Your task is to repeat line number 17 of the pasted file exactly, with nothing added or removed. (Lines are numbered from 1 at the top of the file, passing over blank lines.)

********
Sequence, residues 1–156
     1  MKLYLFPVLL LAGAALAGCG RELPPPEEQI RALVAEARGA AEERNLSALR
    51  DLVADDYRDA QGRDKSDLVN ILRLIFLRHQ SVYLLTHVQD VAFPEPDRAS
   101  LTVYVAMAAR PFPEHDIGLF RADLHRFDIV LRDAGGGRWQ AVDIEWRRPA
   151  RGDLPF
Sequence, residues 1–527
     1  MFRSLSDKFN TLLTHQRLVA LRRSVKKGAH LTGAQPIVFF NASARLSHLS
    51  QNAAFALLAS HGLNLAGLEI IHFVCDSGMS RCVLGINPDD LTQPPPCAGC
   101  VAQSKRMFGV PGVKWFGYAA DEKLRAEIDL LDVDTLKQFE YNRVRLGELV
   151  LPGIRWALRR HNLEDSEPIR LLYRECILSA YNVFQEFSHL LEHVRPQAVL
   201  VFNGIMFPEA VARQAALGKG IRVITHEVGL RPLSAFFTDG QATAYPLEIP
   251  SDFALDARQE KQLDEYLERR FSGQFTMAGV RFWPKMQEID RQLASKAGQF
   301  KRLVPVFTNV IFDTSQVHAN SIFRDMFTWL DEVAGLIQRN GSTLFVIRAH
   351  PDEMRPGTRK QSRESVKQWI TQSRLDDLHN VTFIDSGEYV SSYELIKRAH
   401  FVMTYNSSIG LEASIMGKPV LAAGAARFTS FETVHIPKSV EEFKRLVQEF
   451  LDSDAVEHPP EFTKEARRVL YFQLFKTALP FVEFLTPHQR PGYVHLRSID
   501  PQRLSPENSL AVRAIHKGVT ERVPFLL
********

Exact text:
   501  PQRLSPENSL AVRAIHKGVT ERVPFLL